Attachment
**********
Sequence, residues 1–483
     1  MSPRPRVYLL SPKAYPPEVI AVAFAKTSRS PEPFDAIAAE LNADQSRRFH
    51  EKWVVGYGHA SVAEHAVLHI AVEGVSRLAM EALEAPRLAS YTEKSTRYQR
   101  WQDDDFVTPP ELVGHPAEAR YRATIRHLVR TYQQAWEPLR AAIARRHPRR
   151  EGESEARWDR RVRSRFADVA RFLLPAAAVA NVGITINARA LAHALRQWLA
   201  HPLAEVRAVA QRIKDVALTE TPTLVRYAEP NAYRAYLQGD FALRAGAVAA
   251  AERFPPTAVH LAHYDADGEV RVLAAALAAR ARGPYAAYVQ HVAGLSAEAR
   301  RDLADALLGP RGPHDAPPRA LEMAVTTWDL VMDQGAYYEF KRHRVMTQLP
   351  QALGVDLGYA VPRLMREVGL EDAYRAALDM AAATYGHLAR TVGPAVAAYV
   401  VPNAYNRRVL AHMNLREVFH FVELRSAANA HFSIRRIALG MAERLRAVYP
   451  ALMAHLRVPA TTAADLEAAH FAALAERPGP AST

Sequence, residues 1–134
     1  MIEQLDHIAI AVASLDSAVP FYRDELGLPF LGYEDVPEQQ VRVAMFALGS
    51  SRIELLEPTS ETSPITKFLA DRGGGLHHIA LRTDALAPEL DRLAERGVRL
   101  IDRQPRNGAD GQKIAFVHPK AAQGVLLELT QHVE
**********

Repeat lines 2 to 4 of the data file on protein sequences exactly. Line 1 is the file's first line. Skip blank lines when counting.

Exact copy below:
     1  MSPRPRVYLL SPKAYPPEVI AVAFAKTSRS PEPFDAIAAE LNADQSRRFH
    51  EKWVVGYGHA SVAEHAVLHI AVEGVSRLAM EALEAPRLAS YTEKSTRYQR
   101  WQDDDFVTPP ELVGHPAEAR YRATIRHLVR TYQQAWEPLR AAIARRHPRR